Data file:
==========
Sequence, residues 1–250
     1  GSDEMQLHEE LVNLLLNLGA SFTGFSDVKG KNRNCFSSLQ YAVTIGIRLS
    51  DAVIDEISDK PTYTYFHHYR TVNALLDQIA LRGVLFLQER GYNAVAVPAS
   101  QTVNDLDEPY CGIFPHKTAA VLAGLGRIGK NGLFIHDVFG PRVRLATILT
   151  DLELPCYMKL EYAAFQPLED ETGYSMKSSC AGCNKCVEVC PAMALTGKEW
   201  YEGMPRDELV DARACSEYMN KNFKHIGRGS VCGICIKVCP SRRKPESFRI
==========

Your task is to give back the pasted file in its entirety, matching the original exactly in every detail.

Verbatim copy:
Sequence, residues 1–250
     1  GSDEMQLHEE LVNLLLNLGA SFTGFSDVKG KNRNCFSSLQ YAVTIGIRLS
    51  DAVIDEISDK PTYTYFHHYR TVNALLDQIA LRGVLFLQER GYNAVAVPAS
   101  QTVNDLDEPY CGIFPHKTAA VLAGLGRIGK NGLFIHDVFG PRVRLATILT
   151  DLELPCYMKL EYAAFQPLED ETGYSMKSSC AGCNKCVEVC PAMALTGKEW
   201  YEGMPRDELV DARACSEYMN KNFKHIGRGS VCGICIKVCP SRRKPESFRI